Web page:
In 1923, a poll of picture exhibitors named Norma Talmadge the number one box office star. She was earning $10,000 a week, and receiving as many as 3,000 letters a week from her fans. With only one exception, Norma always played the beautiful, brave, and tragic heroine. It was said that no one could suffer on the silver screen better than Norma could, and she was artfully described by one critic as “The Lady of the Great Indoors.”
Her womanly movies included The Way Of A Woman (1919), The Woman Gives (1920), The Branded Woman (1920), The Only Woman (1924), and The Woman Disputed (1928). Her best films are considered Smilin' Through (1922) and Secrets (1923). In 1927, Norma began a famous Hollywood tradition which survives today as the star accidentally stepped into the wet cement of a newly laid sidewalk outside Graumann's Chinese Theatre.
When talking pictures hit the film industry, Talmadge worked diligently with voice coaches for over a year to overcome her thick Brooklyn accent so she could make her sound debut in New York Nights (1930). Norma was the first movie star whose voice truly destroyed her career. The movie received terrible reviews.
That same year, her next sound film Du Barry, Woman of Passion, was such a disaster of acting, dialogue, and sound that poor Norma was practically laughed out of town when the ludicrous epic premiered at the Rivoli. Constance wired Norma with this advice: "Leave them while you 're looking good, and thank God for the trust funds Momma set up." Years later, in 1952, the hilarious role of the 1920's actress Lina Lamont with the thick Brooklyn accent played by Jean Hagen in the great musical Singin' In The Rain was inspired by Norma's plight.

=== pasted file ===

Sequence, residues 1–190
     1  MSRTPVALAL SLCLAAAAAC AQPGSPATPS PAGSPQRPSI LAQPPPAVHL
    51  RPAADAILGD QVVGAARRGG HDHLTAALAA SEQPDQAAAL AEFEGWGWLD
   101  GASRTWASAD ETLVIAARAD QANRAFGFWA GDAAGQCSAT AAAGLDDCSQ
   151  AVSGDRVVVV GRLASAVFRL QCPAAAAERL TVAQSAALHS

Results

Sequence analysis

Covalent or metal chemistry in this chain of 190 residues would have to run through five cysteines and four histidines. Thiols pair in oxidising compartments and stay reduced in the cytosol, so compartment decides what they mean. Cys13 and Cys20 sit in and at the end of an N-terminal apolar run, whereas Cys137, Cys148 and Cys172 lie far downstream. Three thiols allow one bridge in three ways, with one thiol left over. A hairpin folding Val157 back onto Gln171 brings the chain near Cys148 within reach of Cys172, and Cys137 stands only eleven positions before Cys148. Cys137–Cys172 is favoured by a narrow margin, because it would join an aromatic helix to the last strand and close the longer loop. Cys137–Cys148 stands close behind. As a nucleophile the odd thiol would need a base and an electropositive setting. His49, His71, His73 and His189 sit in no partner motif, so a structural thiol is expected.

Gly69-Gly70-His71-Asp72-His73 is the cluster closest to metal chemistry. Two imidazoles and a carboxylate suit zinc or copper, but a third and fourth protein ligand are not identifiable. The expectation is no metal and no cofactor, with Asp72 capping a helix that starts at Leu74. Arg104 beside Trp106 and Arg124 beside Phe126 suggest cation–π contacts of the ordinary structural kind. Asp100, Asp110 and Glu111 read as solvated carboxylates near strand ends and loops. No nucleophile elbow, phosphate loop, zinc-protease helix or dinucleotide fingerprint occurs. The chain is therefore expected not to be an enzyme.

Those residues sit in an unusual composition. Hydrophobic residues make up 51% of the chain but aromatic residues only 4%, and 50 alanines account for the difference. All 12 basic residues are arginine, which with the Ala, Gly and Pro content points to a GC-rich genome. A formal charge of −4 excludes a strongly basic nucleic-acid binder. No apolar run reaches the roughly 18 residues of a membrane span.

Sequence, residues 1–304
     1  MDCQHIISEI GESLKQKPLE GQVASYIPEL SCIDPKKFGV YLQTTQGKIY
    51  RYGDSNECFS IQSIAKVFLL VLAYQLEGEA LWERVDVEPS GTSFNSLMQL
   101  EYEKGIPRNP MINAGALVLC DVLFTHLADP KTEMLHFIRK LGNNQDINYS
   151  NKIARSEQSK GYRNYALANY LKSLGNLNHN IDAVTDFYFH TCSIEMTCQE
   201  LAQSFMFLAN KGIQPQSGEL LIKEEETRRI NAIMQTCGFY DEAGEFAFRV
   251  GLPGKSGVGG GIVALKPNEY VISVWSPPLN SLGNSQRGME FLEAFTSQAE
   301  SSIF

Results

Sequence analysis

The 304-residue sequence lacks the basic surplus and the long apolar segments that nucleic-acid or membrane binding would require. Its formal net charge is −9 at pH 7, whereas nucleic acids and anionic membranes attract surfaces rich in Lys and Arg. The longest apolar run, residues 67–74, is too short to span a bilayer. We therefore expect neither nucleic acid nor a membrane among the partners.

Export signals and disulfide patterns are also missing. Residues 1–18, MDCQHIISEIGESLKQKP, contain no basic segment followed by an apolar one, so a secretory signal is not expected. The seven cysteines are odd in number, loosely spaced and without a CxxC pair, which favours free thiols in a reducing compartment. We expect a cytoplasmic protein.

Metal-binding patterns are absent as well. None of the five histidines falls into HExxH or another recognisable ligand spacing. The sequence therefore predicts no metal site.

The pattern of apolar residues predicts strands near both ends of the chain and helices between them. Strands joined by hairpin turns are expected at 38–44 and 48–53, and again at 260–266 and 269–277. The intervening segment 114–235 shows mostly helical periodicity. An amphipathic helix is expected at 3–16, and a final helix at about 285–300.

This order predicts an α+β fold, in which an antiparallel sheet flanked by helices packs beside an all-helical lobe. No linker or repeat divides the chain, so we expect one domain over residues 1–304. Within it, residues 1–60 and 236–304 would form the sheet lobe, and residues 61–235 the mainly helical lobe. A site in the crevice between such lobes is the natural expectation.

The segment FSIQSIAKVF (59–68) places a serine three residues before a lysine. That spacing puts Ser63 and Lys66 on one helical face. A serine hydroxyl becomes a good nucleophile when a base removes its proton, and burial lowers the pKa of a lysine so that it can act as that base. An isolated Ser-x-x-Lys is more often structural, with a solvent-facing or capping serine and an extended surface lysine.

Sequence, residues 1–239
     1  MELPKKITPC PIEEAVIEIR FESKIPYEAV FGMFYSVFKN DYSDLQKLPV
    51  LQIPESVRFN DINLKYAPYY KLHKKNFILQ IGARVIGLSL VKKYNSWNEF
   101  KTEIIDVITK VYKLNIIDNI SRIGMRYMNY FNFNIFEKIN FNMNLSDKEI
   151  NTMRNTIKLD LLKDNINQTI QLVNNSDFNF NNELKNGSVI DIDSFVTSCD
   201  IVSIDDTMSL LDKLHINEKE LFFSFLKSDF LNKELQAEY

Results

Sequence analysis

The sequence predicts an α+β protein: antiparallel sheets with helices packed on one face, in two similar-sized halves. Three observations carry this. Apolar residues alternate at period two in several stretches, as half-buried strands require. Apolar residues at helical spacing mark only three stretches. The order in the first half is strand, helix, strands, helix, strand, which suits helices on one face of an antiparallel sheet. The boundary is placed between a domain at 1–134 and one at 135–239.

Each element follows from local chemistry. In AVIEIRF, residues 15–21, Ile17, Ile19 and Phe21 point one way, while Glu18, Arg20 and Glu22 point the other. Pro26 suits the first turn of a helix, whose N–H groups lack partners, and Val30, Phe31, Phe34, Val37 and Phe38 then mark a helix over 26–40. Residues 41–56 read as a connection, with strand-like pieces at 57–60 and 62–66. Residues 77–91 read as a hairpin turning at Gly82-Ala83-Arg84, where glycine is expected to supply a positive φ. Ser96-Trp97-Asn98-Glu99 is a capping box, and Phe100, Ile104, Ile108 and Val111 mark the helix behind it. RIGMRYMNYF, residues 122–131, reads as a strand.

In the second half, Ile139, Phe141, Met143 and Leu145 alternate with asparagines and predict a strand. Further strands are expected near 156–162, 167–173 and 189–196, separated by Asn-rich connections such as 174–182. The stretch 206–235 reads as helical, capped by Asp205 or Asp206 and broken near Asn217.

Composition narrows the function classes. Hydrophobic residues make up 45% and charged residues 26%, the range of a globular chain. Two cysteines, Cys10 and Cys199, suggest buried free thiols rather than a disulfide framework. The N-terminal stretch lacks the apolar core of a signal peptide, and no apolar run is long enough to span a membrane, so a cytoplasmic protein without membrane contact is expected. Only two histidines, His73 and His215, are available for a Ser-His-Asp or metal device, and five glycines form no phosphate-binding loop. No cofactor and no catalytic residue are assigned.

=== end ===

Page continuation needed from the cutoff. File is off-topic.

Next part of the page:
In 1927, Norma separated from Schenck for seven years, during which time she had a serious affair with the handsome Mexican actor Gilbert Roland, her co-star in four films, whom she met while filming Camille (1927). Divorcing Schenck in 1934, she married entertainer George Jessel. Jessel had a radio program, which was sagging in its ratings. He asked his new wife to become a regular on his show, and Norma joined the cast, hoping it would revive her movie career. The program soon ended, and the couple divorced in 1939. In 1946, she married one Dr. Carvel James, and lived with him in Las Vegas until, while suffering with crippling arthritis and still addicted to cocaine, she died from a stroke Christmas Eve, 1957.
Steve Starr is the author of Picture Perfect-Art Deco Photo Frames 1926-1946, published by Rizzoli International Publications. A photographer, designer, artist, and movie star historian, Starr is the owner of Steve Starr Studios, specializing in original Art Deco photo frames and artifacts, and celebrating its 40th anniversary in 2007. His personal collection of over 950 gorgeous frames is filled with photos of Hollywood's most elegant stars.
Steve Starr's column, STARRLIGHT, about movie stars of the 1920's, 1930's, and 1940's, appears in various publications, including Entertainment Magazine Online-www.EMOL.org/reporters/Starr, the Chicago Art Deco Society Magazine, and the Windy City Times.
You may email Steve at SSSChicago@ameritech.net, and visit www.SteveStarrStudios.com where you can enter The Starrlight Room and view part of his collection, read STARRLIGHT stories, and enjoy many of the letters, photos, and autographs he has received from his favorite luminaries.
Steve Starr is a Nightlife Photographer for Clubline Magazine, a photo contributor to various periodicals, and the House Photographer for the gorgeous Rumba Restaurant and Nightclub, 351 West Hubbard Street, Chicago. STARRGAZERS-Radiant Digital Photography by Steve Starr is available for portraits and events. Phone 773-463-8017 for further information.
Photo of Steve Starr in Chicago, September 2, 2007, by Patrick Hipskind
Film Entertainment Magazine